Trivium – Ember To Inferno: Ab Initio album review

Expanded return to the start of the Heafy saga with expanded Trivium reissue, reviewed here...

Trivium album cover

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If Trivium seemed a touch precocious when they exploded into our world with Ascendancy back in 2005, they should probably be forgiven.

A debut album that caused barely a ripple of interest when it emerged two years before the Floridians’ breakthrough, Ember To Inferno showcased a young band with heads full of possibilities, passion and a dash of supreme confidence. Admittedly, this lavish, expanded reissue does contain a fair amount of tentative filler, not least among the generous helping of previously unreleased bonus cuts, but the original album has stood the test of time extraordinarily well. Given that Matt Heafy was 17 when the likes of Pillars Of Serpents and Fugue (A Revelation) were recorded, his intuitive grasp of melodic death metal’s fundamental principles should have alerted more of us to the frontman’s vast potential; these are well-crafted songs, full of gleaming, post-Maiden hooks and moments of deft, syncopated precision. It’s also worth noting that Trivium always harnessed elements of heavy metal; listening to this newly enhanced first effort, with its spiralling lead breaks, epic riffing, knowingly traditional song structures and Heafy’s nascent but dogged bellow, the mixed response to Silence In The Snow seems misplaced. One for the diehards, perhaps, but a modern metal milestone nonetheless.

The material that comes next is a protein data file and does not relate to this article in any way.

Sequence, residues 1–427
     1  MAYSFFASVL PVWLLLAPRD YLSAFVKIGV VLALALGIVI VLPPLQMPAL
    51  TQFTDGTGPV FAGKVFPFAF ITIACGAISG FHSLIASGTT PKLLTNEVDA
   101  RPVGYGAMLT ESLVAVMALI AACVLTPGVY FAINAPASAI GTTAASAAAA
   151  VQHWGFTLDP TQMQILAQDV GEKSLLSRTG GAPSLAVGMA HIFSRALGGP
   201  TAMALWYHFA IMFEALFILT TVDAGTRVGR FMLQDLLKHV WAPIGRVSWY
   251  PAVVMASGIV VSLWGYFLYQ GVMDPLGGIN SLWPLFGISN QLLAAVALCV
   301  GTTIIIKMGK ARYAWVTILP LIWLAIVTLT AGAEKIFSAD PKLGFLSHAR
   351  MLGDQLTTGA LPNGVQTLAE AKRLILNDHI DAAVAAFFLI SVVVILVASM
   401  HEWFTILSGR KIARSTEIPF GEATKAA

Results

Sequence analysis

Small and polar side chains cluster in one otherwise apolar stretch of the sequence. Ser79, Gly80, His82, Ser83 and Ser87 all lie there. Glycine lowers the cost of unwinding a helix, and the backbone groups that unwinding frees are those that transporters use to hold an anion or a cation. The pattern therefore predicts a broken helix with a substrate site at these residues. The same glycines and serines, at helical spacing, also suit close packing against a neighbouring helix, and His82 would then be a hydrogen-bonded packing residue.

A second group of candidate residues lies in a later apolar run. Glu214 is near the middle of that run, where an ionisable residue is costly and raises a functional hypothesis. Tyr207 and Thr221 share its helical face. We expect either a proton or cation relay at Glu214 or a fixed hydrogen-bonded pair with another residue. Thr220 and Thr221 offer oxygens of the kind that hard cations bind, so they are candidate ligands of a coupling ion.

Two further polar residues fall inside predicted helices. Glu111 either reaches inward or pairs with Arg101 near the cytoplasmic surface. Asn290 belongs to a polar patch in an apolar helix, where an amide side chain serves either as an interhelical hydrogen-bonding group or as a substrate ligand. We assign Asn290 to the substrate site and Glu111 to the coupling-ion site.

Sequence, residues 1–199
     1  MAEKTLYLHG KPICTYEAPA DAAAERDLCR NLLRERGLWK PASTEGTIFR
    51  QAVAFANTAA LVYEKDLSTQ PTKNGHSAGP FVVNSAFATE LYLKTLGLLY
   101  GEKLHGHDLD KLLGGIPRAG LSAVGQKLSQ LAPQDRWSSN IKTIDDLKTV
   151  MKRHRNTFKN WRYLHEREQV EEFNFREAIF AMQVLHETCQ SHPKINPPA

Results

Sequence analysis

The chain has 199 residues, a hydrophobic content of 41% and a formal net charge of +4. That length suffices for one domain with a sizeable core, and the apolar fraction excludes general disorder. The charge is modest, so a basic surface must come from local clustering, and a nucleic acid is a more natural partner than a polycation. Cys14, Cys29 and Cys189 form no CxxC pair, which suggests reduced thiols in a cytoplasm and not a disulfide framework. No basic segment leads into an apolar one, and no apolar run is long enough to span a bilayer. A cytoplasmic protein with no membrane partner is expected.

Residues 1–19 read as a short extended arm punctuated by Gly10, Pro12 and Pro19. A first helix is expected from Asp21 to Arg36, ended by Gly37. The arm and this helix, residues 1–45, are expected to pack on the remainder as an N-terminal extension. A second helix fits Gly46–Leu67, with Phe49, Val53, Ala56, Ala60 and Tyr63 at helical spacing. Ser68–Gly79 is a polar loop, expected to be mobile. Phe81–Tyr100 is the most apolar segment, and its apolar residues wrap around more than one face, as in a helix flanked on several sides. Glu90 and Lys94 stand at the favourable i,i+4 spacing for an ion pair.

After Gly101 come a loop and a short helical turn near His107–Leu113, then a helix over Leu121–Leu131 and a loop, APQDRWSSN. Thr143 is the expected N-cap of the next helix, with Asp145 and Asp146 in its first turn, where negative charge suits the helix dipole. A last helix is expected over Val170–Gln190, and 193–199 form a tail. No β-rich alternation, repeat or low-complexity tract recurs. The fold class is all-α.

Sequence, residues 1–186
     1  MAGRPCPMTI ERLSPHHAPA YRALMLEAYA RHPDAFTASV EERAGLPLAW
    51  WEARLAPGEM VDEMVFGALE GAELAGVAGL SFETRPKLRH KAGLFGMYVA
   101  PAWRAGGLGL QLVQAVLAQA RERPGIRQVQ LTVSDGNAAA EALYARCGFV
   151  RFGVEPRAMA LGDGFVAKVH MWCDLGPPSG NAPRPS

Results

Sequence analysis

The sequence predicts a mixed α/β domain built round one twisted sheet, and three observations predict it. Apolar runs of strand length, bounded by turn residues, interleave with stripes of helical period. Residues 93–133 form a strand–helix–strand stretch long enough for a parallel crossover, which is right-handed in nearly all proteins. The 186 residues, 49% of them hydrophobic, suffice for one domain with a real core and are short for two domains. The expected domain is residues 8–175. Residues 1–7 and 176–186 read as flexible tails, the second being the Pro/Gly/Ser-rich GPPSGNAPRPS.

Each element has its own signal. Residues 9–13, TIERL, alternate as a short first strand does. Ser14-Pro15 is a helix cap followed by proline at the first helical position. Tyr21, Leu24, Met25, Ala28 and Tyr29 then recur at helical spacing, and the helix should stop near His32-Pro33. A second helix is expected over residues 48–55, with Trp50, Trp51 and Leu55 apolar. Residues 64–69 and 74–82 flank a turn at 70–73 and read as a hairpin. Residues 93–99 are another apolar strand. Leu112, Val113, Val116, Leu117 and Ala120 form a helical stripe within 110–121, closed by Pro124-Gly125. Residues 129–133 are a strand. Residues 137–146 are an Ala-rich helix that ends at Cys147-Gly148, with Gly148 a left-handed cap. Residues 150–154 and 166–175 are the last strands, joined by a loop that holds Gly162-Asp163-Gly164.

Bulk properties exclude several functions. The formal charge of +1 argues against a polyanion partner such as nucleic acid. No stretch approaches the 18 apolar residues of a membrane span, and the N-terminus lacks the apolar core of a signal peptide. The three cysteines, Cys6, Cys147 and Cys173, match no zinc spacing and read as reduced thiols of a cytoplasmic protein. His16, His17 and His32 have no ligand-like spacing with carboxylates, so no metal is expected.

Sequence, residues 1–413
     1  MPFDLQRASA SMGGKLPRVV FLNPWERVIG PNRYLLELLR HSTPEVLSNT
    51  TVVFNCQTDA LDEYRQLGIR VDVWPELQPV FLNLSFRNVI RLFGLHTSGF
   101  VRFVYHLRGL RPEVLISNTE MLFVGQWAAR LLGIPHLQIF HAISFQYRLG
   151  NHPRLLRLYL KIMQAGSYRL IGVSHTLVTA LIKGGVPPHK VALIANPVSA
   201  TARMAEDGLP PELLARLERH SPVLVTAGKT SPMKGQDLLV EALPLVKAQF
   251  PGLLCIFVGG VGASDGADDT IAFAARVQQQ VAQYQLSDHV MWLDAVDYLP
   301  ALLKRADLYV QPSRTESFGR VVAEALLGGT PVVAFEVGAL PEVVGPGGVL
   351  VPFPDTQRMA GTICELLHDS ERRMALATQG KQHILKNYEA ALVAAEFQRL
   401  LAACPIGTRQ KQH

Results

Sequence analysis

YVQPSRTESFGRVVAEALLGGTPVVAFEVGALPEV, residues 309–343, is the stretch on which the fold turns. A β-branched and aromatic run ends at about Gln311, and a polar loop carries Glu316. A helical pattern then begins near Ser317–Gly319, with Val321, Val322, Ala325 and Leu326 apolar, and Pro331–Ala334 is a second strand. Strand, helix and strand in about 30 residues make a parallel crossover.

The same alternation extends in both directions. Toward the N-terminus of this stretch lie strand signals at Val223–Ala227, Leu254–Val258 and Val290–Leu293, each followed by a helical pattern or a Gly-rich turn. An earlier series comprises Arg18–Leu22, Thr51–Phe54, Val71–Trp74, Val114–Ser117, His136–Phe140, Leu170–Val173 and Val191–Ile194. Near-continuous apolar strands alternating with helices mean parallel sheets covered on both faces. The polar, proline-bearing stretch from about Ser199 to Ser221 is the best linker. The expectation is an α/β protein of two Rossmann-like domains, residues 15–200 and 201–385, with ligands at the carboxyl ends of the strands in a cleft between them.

Dom Lawson

Dom Lawson has been writing for Metal Hammer and Prog for over 14 years and is extremely fond of heavy metal, progressive rock, coffee and snooker. He also contributes to The Guardian, Classic Rock, Bravewords and Blabbermouth and has previously written for Kerrang! magazine in the mid-2000s.